In February, Major League Soccer announced David Beckham would buy an expansion franchise to play in Miami for only $25 million, a perk from the contract Beckham signed with the Los Angeles Galaxy in 2007. The same day, Beckham revealed that he planned to build a new stadium for the team, funding the $400 million project with private investors. Things have gone less smoothly since then, however, as Beckham hasn't been able to secure a spot to build his team's stadium.
The problem stems from the fact that Beckham's group wants public land for the stadium to be provided by Miami-Dade County, but after being bullied out of millions of dollars in public money by both the Heat and Marlins, Miami isn't interested in bending over backwards for Beckham.
Beckham first lobbied for a site at PortMiami, just east of Downtown Miami on what would have been a beautiful waterfront stadium on Dodge Island. But the proposal was met with stiff feedback from cruise lines and corporations operating on the island, and was formally shot down by the county in May.
After Miami-Dade nixed the port site, Bechham's group turned their attention to the city of Miami. Their next proposal was to fill a boat slip just north of AmericanAirlines Arena, not too far west from the original Dodge Island site. The new proposal also envisioned a waterfront stadium, but was met with environmental concerns over filling the slip and infringing on a nearby park. Miami told Beckham to get lost in June.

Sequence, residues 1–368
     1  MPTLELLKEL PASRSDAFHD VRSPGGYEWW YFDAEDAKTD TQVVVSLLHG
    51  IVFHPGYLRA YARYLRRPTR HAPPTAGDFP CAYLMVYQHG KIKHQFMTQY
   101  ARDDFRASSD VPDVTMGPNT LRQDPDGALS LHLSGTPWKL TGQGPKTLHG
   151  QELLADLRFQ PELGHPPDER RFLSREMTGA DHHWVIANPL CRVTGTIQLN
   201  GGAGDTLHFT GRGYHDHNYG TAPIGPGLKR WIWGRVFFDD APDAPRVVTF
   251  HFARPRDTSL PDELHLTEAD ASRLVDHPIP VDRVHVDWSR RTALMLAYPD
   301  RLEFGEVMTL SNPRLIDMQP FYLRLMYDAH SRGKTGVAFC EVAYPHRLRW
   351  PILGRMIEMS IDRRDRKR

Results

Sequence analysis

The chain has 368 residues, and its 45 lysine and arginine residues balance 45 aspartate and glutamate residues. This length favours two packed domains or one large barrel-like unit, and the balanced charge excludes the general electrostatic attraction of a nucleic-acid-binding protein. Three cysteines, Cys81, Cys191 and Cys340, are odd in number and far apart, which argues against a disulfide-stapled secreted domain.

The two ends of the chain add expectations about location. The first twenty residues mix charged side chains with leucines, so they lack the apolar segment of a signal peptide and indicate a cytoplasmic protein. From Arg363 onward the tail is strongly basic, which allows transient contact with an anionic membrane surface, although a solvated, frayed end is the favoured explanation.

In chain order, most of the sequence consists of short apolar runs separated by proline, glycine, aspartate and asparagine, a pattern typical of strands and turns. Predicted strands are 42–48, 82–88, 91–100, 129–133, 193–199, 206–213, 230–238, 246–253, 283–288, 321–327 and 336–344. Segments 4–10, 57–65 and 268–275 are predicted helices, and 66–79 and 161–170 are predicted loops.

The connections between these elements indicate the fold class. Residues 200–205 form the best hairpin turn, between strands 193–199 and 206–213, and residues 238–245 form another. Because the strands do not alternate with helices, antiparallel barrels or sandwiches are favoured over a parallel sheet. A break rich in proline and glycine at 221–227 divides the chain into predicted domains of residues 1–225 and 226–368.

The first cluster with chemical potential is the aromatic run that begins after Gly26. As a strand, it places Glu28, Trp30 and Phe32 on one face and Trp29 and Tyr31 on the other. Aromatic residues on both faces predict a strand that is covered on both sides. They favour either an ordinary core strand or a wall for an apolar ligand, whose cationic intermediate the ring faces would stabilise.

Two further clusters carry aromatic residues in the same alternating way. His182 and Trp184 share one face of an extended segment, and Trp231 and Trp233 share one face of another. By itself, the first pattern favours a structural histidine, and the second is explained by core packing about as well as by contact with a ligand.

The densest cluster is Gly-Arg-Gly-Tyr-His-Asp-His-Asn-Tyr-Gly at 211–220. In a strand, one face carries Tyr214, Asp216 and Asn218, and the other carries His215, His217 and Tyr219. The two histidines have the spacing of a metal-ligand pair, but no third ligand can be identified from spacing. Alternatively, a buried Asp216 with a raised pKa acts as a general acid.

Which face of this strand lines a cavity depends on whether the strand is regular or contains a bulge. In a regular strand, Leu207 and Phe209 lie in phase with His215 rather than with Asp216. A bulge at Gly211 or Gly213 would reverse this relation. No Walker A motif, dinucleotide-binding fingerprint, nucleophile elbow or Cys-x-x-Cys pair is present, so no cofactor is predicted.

Miami-Dade countered by offering Beckham's group land near Marlins Park, located a few miles outside of Downtown Miami in Little Havana. But MLS balked at the site, calling it "spiritually tainted" from the Marlins deal (a.k.a. no one wants to be associated with Jeffrey Loria, especially when it comes to stadiums.)
And now, Beckham's best bet might be Broward County, which is actively wooing Beckham with a variety of potential sites. But Broward is far north of Miami, and is the place you're thinking of when you think of "old people who don't give a fuck" in South Florida.
On one hand, it's heartening to see a city stand up and resist the will of a major sports franchise, but that characterization of the back-and-forth with Beckham is probably giving Miami too much credit. Beckham has promised to build the stadium with private funds, after all, and he was even willing to pay the city $2 million in annual rent—twice what the Miami Heat pay—while negotiating the Dodge Island deal. It's easy to standup to a bottom-tier sports franchise, but Miami has proven itself more than willing to roll over when the Heat or Marlins come looking for handouts.
The real bummer of this is that Miami is a city where an MLS team might actually be able to thrive. The Miami Fusion folded in 2001 after playing their games in Fort Lauderdale, but the Miami area was consistently in the top-10 for World Cup viewership, and is viewed as an untapped market for soccer success.
Beckham will be fine, though. If things don't work out in Miami, he may just drop the whole thing and up fleeing to L.A., as Yahoo Sports reported earlier this month.